Skip to Main Content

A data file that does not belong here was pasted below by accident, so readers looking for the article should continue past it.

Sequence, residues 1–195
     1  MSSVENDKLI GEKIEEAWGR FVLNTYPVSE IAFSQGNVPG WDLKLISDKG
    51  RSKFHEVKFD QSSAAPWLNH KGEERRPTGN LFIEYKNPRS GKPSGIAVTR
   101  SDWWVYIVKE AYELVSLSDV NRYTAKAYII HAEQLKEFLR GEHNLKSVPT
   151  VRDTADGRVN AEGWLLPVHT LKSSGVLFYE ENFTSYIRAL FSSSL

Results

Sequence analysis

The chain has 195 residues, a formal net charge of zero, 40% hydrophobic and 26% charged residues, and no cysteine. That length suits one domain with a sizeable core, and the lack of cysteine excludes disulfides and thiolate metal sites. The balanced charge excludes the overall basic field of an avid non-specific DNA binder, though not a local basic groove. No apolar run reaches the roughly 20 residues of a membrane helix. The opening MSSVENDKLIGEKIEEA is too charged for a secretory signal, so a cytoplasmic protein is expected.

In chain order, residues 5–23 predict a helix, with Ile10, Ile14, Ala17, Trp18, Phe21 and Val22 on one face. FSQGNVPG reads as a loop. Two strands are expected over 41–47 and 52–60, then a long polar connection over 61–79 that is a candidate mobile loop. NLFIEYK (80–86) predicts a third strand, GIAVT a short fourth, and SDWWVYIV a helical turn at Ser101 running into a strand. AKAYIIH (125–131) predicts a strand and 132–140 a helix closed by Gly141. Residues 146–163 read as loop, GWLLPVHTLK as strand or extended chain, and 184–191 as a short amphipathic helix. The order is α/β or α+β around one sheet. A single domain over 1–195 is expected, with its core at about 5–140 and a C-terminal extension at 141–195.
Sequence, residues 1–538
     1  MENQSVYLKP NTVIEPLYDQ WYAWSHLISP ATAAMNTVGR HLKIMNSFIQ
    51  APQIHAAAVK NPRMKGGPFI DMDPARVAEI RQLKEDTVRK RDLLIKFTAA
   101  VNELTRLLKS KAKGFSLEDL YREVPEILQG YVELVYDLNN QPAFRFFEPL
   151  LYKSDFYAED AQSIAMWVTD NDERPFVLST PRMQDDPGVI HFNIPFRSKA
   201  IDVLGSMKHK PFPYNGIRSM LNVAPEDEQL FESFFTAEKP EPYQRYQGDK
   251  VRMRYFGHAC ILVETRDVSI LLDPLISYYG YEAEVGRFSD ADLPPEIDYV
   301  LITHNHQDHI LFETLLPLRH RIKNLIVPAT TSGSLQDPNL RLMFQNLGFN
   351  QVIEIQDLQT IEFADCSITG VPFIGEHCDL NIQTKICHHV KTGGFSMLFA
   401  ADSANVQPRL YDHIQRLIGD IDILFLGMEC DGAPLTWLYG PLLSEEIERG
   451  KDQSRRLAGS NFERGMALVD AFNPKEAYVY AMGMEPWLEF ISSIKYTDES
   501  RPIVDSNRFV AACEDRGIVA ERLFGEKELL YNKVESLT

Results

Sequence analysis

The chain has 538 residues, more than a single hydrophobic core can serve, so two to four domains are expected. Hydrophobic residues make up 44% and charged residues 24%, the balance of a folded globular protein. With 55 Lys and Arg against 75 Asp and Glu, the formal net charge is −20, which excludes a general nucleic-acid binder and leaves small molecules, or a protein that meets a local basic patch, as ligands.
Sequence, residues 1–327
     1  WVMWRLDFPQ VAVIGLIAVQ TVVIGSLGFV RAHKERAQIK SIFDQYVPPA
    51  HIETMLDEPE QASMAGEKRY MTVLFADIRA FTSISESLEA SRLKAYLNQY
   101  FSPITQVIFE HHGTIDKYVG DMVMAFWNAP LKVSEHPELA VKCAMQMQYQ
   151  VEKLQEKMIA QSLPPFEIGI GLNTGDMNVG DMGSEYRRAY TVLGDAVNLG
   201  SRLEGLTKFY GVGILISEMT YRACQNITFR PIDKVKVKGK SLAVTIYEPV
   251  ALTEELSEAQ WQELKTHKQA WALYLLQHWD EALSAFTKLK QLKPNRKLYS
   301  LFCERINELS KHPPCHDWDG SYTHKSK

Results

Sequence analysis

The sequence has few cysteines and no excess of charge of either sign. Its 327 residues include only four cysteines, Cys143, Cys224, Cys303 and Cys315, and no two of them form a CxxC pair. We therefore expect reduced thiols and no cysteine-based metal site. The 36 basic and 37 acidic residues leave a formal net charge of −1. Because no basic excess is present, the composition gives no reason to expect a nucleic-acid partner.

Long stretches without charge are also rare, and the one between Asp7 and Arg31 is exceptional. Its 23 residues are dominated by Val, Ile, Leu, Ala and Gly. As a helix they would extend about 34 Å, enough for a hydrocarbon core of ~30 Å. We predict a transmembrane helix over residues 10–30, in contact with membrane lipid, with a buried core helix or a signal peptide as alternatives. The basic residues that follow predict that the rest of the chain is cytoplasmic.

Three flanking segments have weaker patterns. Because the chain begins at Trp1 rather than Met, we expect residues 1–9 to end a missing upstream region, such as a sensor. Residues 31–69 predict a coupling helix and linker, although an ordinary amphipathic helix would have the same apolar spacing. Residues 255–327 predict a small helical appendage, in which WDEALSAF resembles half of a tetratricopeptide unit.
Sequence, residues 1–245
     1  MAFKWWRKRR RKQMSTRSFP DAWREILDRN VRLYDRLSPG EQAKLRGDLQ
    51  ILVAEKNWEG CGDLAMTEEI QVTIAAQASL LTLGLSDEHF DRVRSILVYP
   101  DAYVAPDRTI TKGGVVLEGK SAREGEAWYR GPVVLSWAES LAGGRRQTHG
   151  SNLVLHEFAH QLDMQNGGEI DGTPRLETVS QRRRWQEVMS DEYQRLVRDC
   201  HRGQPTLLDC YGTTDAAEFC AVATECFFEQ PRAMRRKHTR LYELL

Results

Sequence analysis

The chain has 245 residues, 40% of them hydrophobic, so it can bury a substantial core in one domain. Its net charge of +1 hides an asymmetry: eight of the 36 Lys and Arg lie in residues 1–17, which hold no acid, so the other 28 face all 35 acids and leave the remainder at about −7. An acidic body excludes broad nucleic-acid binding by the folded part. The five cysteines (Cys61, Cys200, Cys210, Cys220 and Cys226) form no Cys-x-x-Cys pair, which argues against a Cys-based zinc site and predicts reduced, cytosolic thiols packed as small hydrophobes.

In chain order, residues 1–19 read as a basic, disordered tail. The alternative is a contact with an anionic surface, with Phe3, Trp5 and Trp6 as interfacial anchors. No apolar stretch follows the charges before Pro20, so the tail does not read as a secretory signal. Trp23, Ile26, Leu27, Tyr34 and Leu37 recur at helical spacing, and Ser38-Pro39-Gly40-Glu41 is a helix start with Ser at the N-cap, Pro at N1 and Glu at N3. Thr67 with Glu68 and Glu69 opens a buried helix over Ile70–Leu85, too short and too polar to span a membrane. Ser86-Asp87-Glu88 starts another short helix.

The metallic spike model for neutron damage has been shown to account for the observed anomalous infrared absorption in GaAs. In this paper, the electrical properties of semiconductors containing metallic spikes are explored. The metallic zones are shown to act as deep potential wells which trap carriers from the host semiconductor energy bands. The component of mobility associated with carrier scattering from the depletion region surrounding charged spikes is estimated as a function of temperature, including the temperature dependence of the trapped charge. Hall measurement data taken before and after neutron irradiation of n-type GaAs are compared with theory and good agreement is obtained. It is proposed that the high field trapping and slow release of electrons observed in neutronirradiated Gunn diodes is associated with the presence of metallic spikes. Hot electrons in high field domains penetrate the electrostatic barrier and are trapped within the spikes. When the low field condition is restored, excess electrons return to the host semiconductor matrix. The rate of escape of excess electrons is estimated from considerations of the processes of emission over and tunneling through the electrostatic barrier. Measurements of the temperature - dependent decay rates of the excess charge are obtained from neutron-irradiated Gunn diodes. Two decay rates were obtained at each temperature. The shorter decay time shows a temperature dependence consistent with a quantum tunneling mechanism. The longer decay time shows a stronger temperature dependence which is in qualitative agreement with emission of electrons over the barrier.